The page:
Frontier vs. Noritsu
One of the choices you may be facing when sending your film in to be developed is scanner preference. You may be thinking to yourself, meh, it doesn’t matter, but it does. Especially if you have a certain vision for your images. Each scanner has different characteristics in contrast, color, and just overall look, which is why it’s so important to know what it is you like and what you’re going for so that you are that much closer to getting the scans you’re happy with. In this post I want to talk about what each scanner is known for, they’re defining characteristics, pros and cons and show you a few examples.
THE FRONTIER - If you’re into great natural contrast then this is the scanner for you. The Frontier is known for it’s contrast and it’s golden tones. Because it scans in the blue/yellow channels you can get more blue shadows and golden skin tones, (not sure what type of skin tones you like? check out my skin tone boards on pinterest to see the differences HERE), depending on the lighting conditions and how you shot. The pro for this scanner is that it scans in a way that you’re almost never going to clip highlights or shadows, which is a total bonus (remember how awful digital is with that??). BUT because it is scanned one image at a time you may see some slight inconsistencies in color or contrast. Also, if you’re needing a lot of adjustments in-scanner contrast wise, this isn’t going to give you much. While there are a few adjustments that can be made in scanner they’re so slight it doesn’t do much, basically what you see is what you get with contrast on the Frontier. Although, the contrast that you can get with this scanner gives it that signature “filmy” look that it’s known for.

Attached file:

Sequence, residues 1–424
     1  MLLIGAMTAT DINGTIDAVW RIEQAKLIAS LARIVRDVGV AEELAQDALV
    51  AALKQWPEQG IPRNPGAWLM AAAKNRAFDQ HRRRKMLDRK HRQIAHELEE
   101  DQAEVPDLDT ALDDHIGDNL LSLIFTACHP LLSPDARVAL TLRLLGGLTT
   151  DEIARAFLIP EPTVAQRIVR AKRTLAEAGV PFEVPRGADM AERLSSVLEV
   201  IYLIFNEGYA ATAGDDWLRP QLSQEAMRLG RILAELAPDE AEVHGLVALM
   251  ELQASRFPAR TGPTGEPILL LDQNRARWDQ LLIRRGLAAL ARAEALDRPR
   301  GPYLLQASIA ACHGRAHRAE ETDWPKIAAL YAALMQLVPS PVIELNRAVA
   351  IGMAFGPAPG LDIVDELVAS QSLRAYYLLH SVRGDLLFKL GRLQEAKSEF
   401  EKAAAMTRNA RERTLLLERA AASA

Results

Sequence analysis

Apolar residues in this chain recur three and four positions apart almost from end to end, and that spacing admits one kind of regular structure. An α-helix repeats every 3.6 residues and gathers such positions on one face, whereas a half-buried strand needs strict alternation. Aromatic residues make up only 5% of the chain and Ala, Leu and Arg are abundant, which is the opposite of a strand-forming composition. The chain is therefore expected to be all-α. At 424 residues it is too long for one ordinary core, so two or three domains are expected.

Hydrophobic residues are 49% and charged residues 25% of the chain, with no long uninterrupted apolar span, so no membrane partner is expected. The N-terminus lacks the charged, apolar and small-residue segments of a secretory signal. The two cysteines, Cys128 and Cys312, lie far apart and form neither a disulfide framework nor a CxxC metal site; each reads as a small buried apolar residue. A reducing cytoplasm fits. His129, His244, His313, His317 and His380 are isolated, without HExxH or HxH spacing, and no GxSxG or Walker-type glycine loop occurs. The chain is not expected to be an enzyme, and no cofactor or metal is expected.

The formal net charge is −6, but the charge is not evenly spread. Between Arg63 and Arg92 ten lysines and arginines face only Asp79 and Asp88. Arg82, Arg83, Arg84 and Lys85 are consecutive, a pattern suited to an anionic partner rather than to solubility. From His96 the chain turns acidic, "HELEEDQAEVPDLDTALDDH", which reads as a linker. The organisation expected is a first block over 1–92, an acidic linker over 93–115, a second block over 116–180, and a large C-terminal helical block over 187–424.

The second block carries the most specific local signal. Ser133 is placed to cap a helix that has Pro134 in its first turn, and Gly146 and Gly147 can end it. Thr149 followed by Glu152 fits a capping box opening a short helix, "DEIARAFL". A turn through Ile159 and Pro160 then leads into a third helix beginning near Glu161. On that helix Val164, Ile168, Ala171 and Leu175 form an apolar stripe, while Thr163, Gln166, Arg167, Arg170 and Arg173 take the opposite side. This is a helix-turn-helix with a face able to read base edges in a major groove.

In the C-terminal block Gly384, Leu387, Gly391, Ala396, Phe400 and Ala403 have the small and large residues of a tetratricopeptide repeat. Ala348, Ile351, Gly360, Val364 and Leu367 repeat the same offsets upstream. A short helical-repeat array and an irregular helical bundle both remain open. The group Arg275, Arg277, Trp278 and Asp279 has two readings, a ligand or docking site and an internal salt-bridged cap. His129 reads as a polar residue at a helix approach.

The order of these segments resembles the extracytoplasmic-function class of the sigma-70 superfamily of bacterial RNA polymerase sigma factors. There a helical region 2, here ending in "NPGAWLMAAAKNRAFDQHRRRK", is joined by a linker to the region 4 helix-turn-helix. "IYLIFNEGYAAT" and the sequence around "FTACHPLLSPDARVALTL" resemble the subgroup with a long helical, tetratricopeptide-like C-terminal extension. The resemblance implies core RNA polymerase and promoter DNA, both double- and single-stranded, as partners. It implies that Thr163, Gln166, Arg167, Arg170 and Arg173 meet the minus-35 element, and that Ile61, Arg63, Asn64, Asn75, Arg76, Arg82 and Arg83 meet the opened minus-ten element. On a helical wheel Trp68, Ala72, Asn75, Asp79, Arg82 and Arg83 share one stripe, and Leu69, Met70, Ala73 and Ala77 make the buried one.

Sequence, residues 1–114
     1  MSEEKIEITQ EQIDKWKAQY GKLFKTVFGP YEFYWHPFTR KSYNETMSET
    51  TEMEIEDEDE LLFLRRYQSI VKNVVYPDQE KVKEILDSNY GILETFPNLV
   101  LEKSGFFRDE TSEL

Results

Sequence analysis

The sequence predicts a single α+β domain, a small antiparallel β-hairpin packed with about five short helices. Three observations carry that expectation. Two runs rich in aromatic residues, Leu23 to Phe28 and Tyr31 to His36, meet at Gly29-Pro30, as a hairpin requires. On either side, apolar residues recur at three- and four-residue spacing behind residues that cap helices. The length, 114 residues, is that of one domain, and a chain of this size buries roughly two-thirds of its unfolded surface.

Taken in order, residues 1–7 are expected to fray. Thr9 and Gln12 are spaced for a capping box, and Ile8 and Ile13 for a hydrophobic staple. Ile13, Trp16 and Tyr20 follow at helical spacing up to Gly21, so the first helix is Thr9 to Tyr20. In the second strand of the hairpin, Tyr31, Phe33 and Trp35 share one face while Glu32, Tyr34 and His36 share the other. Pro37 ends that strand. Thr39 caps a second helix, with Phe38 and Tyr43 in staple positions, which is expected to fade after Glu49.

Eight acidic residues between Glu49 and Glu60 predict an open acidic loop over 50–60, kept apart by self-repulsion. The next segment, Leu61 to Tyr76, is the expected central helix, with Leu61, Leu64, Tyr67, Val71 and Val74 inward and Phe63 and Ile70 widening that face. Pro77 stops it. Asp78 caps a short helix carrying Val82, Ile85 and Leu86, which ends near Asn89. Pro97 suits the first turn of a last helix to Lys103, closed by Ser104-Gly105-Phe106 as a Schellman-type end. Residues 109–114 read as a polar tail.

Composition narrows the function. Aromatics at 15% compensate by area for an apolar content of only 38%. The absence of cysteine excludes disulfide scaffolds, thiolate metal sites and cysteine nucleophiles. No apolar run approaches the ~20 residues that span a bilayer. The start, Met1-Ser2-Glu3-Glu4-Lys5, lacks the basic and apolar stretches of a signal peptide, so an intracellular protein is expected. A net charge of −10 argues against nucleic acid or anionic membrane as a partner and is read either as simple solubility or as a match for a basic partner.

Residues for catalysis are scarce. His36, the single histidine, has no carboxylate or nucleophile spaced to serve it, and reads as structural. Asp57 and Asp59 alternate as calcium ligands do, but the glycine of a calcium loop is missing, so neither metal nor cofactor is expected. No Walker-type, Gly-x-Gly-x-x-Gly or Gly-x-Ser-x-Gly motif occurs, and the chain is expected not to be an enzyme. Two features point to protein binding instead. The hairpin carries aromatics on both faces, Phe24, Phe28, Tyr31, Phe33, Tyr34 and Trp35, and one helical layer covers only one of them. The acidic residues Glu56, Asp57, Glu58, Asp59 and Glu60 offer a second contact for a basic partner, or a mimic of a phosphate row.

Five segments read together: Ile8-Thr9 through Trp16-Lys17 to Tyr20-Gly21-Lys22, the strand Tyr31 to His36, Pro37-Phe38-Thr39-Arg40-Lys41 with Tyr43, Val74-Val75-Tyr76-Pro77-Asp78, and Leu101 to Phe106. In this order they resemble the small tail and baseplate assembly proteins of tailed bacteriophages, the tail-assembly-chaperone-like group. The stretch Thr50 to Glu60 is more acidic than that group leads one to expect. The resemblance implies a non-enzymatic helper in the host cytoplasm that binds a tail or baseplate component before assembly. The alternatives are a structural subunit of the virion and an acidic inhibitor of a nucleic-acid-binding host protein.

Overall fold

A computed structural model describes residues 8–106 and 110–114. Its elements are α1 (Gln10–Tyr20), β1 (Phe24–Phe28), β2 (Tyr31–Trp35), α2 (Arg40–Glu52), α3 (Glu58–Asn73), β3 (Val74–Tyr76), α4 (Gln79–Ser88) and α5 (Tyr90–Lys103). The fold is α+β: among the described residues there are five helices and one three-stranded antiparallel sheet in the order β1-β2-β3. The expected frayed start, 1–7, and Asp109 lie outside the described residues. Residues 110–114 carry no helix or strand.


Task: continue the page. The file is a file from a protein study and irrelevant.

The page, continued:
THE NORITSU - Those pinky light and soft images? The Noritsu can knock those out of the park. Because it scans in the magenta/green channels you’re going to get those pink skin tones almost effortlessly. One downside to the Noritsu is that because it does scan in the green channel if your images are underexposed you may see a bit more green in shadows or hair. The pro for this scanner is that it has loads of adjustments which is a total bonus, helping the technician to adjust quite a bit of contrast in scanner. A lot of hybrid photographers also love this scanner because it has the type of grain and coloring that makes it easy to match to digital.
Don’t underestimate the power of your scanner choice - it can completely transform your work. Be sure that you’re choosing the correct scanner for the type of images that you want. The best way to decide for yourself (if other visuals aren’t enough) is to send one roll in to be developed and have it scanned on both scanners. It usually is an extra cost but totally worth it if you’re not sure which scanner you prefer since you then have the same images of your own to compare side by side to see which you like best.